COBWEB CORNERS: A forgotten explorer

By Mel McFarland

       One of the names I run across all the time is a man not heard of much. I thought I would spend some time with him today. He was a traveler and later began doing a bit of writing about where he had been. It is that for which he is remembered in his home country.
       George Ruxton was an Englishman, born in 1821 west of London. At age 17, he found himself in Spain fighting with a group from England in an unsuccessful Spanish revolution. He was in Spain for two years and learned the language while he was there. He returned to England but eventually traveled to Canada and Africa.
       It was his trip to Mexico in 1846 for which he is remembered around here. He was sent to Mexico by the English government, but he did not stay there. He put together an expedition northward. He traveled to El Paso and followed the Rio Grande River north into present-day Colorado. Earlier, you might remember Zebulon Pike ran into trouble in the San Luis Valley and was taken to Mexico when Mexican soldiers spotted his company. Ruxton had the benefit of permission from the Mexicans, who at the time were at war with the U.S.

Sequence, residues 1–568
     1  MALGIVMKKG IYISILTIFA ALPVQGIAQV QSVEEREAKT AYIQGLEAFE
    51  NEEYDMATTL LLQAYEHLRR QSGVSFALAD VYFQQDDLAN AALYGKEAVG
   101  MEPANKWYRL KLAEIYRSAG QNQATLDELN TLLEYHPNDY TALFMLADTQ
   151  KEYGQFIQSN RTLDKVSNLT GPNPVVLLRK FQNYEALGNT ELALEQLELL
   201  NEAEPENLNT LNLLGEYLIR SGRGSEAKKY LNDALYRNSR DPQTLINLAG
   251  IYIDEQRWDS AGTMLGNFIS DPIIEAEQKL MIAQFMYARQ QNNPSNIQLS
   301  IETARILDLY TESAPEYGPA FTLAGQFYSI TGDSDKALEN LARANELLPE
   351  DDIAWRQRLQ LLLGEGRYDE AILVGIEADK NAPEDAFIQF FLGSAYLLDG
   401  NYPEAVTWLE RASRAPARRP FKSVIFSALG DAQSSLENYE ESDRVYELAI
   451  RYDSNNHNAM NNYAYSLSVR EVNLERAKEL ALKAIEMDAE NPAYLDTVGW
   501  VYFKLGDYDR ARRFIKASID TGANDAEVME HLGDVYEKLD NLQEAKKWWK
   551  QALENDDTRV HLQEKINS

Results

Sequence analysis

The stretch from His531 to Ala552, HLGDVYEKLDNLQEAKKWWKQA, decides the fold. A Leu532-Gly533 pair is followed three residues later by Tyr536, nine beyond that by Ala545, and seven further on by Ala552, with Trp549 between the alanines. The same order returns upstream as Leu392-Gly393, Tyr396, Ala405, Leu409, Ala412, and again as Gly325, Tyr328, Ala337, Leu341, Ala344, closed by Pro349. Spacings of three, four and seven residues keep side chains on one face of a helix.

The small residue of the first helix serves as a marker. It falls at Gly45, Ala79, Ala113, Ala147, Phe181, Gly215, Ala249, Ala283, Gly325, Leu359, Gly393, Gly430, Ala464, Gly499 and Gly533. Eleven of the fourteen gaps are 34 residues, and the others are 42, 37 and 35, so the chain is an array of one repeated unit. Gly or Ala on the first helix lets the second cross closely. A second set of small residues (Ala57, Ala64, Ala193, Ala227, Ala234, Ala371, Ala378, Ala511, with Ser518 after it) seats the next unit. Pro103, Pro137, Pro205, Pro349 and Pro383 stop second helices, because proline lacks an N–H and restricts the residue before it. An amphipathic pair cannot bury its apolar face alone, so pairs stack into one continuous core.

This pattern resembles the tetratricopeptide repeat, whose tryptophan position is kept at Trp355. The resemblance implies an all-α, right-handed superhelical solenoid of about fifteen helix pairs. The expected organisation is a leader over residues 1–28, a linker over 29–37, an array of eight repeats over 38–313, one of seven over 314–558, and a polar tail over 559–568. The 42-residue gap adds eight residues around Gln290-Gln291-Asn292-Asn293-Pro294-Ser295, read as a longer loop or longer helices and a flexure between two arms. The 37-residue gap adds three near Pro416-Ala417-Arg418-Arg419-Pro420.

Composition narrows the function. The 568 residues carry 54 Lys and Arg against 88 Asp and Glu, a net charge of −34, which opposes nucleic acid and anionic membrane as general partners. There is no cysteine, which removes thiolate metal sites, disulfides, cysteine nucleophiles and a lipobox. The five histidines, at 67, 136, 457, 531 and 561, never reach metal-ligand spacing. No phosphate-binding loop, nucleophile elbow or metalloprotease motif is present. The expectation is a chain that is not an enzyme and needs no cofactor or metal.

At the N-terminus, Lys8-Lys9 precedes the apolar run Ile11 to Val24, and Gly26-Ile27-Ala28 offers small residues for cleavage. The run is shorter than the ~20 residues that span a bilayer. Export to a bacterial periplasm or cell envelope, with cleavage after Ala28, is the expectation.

Ruxton kept extensive notes of the country he passed through, including observations about the animals, plants and people. He was occasionally harassed by Indians. He traveled through Santa Fe and Taos and followed the Sangre de Cristo Mountains, crossing onto the Eastern Slope north of La Veta Pass. After stopping at a village on the Arkansas River near present-day Pueblo, he made two trips up Fountain Creek, The first was close to a disaster when a blizzard pinned him down. A second took him all the way to Manitou's springs. He followed Ute Pass as far as South Park. From this visit we have Ruxton Creek in Manitou. He made his way back to Taos, but later returned to our area and traveled down the Arkansas before returning to Mexico and then home to England.
       From his lengthy notes, he wrote great tales of this area in magazines and newspapers of the time. This writing led to a couple of books which were eagerly read by his countrymen. He made a return trip to Colorado. But at Pueblo in 1847, he fell from a mule and died a short time later. He was just shy of 27 years old! His travel stories became an inspiration for many English and Eastern American visitors.